EXAMPLE 1:

Original:
While gun sales are increasing, the percentage of Americans who own them is decreasing.

Revision:
A recent Gallup Poll reported that while gun sales are increasing, the percentage of Americans who own them is decreasing.

Explanation:
The first iteration of this sentence does not identify the source for this information. To revise, we identify a source and validate the claim.

EXAMPLE 2:

Original:
75% of American pedestrians think that they have the right of way at an intersection.

Revision:
The latest Department of Transportation survey concludes that 75% of American pedestrians think that they have the right of way at an intersection.

Explanation:
While the first sentence simply presents facts, the revision cites a survey.

EXAMPLE 3:

Original:
California’s ozone pollution is greatest in the cities of Los Angeles, Riverside, and Long Beach.

Revision:
California’s ozone pollution is greatest in the cities of Los Angeles, Riverside, and Long Beach, according to the American Lung Association’s 2015 report.

Explanation:
The validates the claim “California’s ozone pollution is greatest in the cities of Los Angeles, Riverside, and Long Beach” by citing a specific source, the American Lung Association’s 2015 report.


MANAGING PURPOSE CLAUSES

The Short Version

Try to include agents in purpose clauses.

The Long Version

A purpose clause explains to readers why the main action in the sentence occurred and who performed it. Common indicators of a purpose clause include: "to," "in order that," "in order to," "so as to," "so that," and "for the purpose of."

A weak purpose clause requires explanation. Because an action is happening in a purpose clause, it is appropriate to include an agent that performs the action.

EXAMPLE 1:

Original:
Dinner was eaten early.

Revision:
They ate dinner early so that they wouldn't miss the start of the show.

Explanation:
Why was dinner eaten early and who ate it? The revision answers this question.

EXAMPLE 2:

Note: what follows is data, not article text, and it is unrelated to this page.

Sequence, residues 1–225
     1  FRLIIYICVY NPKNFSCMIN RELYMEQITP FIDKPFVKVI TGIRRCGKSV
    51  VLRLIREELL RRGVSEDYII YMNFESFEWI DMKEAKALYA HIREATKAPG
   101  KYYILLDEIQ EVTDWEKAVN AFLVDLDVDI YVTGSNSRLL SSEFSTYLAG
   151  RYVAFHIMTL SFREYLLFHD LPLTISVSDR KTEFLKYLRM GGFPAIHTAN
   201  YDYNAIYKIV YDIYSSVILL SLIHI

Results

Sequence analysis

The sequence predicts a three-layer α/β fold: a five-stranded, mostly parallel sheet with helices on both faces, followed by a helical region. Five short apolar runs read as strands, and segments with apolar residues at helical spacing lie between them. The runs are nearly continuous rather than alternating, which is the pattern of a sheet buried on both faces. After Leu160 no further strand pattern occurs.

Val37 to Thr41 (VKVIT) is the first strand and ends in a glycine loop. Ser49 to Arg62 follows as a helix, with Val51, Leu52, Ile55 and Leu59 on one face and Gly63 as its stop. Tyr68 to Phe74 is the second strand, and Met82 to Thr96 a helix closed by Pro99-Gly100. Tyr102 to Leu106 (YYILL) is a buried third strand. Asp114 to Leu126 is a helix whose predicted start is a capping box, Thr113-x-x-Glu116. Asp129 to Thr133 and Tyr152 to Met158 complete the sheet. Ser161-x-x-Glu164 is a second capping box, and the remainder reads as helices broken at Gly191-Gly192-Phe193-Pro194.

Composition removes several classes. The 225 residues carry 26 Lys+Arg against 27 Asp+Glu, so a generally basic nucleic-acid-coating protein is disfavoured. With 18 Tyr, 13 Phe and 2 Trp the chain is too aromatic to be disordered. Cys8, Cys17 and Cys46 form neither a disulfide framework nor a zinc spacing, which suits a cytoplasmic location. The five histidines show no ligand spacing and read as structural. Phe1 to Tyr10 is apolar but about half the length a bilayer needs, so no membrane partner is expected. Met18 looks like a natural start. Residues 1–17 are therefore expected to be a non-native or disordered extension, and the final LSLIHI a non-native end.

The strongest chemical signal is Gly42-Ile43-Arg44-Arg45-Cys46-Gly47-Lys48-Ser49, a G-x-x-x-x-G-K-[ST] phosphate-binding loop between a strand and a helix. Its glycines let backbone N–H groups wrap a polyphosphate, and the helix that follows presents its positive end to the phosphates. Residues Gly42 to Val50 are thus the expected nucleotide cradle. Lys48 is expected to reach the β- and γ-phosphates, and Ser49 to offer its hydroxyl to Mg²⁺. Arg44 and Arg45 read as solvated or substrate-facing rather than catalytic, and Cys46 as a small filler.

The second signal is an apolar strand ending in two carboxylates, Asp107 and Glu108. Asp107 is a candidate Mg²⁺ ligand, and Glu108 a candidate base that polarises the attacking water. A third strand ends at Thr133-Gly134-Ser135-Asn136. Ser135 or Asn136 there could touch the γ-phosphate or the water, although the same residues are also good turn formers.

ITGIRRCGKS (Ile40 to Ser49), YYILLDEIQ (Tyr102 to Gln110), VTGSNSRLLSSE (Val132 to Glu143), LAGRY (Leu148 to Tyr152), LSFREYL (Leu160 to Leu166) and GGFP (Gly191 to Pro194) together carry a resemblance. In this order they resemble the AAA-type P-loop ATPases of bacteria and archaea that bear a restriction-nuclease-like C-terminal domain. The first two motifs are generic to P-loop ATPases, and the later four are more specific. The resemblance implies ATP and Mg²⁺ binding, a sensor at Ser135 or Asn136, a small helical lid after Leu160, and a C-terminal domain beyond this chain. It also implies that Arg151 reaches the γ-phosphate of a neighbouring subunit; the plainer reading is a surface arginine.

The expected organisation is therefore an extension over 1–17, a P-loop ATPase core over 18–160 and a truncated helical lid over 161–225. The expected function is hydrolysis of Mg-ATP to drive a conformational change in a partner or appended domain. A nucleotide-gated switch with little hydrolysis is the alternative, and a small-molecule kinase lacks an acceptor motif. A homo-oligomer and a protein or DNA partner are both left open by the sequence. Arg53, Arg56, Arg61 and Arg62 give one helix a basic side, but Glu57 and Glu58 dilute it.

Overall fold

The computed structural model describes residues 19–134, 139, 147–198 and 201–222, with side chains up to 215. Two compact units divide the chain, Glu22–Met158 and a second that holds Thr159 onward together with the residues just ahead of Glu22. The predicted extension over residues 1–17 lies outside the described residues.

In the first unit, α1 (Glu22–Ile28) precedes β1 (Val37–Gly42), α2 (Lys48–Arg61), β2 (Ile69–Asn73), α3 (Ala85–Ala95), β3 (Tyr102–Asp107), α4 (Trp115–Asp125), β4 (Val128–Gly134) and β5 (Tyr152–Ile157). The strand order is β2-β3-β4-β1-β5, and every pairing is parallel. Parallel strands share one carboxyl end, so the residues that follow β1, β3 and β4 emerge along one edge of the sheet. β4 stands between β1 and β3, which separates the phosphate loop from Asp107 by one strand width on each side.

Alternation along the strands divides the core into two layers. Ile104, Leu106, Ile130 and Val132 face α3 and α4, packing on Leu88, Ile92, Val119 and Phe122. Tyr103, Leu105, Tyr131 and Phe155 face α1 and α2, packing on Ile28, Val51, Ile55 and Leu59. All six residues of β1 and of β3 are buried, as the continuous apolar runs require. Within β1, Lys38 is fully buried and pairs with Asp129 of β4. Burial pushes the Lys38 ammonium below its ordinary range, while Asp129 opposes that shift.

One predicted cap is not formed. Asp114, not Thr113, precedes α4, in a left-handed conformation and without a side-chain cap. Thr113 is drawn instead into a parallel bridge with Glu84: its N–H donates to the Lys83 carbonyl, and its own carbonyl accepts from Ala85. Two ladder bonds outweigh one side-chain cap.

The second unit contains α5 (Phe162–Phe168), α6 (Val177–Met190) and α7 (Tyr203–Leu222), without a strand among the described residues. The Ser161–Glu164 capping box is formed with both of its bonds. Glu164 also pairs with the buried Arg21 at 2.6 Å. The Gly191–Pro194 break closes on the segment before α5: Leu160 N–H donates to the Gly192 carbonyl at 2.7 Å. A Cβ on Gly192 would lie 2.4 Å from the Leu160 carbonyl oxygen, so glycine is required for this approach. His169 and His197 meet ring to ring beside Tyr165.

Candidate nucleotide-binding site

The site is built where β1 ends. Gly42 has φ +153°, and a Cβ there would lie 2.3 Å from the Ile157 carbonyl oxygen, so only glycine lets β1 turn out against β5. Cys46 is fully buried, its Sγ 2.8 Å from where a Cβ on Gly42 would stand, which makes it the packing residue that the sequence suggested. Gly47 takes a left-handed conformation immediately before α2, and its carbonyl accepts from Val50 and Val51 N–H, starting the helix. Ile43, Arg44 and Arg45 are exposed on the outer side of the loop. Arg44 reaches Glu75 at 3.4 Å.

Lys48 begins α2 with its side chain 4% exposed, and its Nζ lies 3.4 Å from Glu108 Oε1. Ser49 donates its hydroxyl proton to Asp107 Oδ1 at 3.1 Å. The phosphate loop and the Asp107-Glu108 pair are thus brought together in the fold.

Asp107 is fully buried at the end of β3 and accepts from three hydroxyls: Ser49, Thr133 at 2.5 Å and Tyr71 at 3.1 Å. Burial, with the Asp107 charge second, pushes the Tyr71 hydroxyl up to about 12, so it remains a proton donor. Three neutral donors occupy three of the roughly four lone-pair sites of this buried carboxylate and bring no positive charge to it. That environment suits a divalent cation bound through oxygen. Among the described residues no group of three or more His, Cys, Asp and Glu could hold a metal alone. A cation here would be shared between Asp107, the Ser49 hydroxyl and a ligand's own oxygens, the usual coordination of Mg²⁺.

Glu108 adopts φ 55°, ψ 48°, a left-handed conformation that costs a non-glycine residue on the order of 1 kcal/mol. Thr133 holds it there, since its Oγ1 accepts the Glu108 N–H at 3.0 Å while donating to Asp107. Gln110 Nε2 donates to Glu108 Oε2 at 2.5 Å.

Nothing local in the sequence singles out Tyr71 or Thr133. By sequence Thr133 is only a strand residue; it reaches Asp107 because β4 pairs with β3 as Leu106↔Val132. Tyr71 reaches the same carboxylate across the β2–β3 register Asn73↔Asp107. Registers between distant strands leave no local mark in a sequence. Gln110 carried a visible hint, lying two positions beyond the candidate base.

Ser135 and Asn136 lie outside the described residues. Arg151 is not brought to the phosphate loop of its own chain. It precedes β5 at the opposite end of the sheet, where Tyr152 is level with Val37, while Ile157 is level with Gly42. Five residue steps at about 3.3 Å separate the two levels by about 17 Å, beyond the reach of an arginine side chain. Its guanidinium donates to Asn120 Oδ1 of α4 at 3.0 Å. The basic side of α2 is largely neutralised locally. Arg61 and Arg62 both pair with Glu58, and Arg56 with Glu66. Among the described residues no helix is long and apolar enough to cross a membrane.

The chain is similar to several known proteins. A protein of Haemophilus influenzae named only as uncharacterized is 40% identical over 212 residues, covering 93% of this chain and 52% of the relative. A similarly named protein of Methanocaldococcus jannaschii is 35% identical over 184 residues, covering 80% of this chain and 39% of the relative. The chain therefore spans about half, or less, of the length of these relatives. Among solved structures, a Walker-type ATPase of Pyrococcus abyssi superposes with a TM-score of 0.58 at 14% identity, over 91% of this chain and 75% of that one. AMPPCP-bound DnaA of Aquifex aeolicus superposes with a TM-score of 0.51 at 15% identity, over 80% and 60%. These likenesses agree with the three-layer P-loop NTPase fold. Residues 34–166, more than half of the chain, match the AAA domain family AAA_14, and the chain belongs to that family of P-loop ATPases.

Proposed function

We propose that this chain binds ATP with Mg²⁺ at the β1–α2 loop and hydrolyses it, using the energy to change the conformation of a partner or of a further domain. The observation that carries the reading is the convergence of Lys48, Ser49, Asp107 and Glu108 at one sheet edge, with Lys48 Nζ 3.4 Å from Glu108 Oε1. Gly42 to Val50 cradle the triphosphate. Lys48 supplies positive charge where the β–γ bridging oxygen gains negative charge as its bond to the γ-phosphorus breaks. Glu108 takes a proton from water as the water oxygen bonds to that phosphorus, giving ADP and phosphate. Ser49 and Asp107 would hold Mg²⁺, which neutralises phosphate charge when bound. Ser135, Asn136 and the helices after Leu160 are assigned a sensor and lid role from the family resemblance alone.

Original:
Everyone evacuated the building.

Revision:
Everyone evacuated the building to save their lives.

Explanation:
In the first instance, the purpose clause lacks both agent and reason (or "purpose"). We know why the building was evacuated, but not who evacuated it or why. The revision adds this important information.

EXAMPLE 3:

Original:
The student pulled an all-nighter.

Revision:
In order to finish the essay on time, the student pulled an all-nighter.

Explanation:
The first version does not include a reason. By providing a purpose, we can make the statement clearer.


CONCLUDING LOGICALLY

The Short Version

Make sure your conclusion is supported by evidence. Make sure your evidence points to no conclusion other than yours.

The Long Version

Good arguments make claims, provide evidence, and draw conclusions. Concluding statements are effective if they follow logically from the assembled evidence.

A conclusion has logical integrity if the evidence points directly to that conclusion. When your evidence suggests a conclusion contrary to the one you have put forth, readers will be confused and unsatisfied with the logic of your argument.

When you're faced with an unsupported conclusion, you have two choices. You can rethink your conclusion so that it reflects your premises and evidence, or you can gather more evidence.